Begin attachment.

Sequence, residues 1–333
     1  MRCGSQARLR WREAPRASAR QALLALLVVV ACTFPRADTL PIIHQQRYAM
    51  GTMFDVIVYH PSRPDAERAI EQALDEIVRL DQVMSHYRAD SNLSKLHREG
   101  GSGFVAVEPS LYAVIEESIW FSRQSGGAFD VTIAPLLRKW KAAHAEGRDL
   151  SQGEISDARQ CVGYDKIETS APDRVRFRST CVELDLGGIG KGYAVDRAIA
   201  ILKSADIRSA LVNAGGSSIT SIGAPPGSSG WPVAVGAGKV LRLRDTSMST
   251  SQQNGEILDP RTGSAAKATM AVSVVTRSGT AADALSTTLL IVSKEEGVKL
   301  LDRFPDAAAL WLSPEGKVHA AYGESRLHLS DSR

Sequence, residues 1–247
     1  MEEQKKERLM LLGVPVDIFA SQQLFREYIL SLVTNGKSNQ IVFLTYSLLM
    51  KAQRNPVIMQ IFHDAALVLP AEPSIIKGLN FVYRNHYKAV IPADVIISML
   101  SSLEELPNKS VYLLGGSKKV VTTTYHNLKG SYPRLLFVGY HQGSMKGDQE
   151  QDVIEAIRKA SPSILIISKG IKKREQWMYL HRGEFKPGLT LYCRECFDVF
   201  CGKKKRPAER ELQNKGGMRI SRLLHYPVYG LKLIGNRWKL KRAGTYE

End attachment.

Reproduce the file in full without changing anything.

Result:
Sequence, residues 1–333
     1  MRCGSQARLR WREAPRASAR QALLALLVVV ACTFPRADTL PIIHQQRYAM
    51  GTMFDVIVYH PSRPDAERAI EQALDEIVRL DQVMSHYRAD SNLSKLHREG
   101  GSGFVAVEPS LYAVIEESIW FSRQSGGAFD VTIAPLLRKW KAAHAEGRDL
   151  SQGEISDARQ CVGYDKIETS APDRVRFRST CVELDLGGIG KGYAVDRAIA
   201  ILKSADIRSA LVNAGGSSIT SIGAPPGSSG WPVAVGAGKV LRLRDTSMST
   251  SQQNGEILDP RTGSAAKATM AVSVVTRSGT AADALSTTLL IVSKEEGVKL
   301  LDRFPDAAAL WLSPEGKVHA AYGESRLHLS DSR

Sequence, residues 1–247
     1  MEEQKKERLM LLGVPVDIFA SQQLFREYIL SLVTNGKSNQ IVFLTYSLLM
    51  KAQRNPVIMQ IFHDAALVLP AEPSIIKGLN FVYRNHYKAV IPADVIISML
   101  SSLEELPNKS VYLLGGSKKV VTTTYHNLKG SYPRLLFVGY HQGSMKGDQE
   151  QDVIEAIRKA SPSILIISKG IKKREQWMYL HRGEFKPGLT LYCRECFDVF
   201  CGKKKRPAER ELQNKGGMRI SRLLHYPVYG LKLIGNRWKL KRAGTYE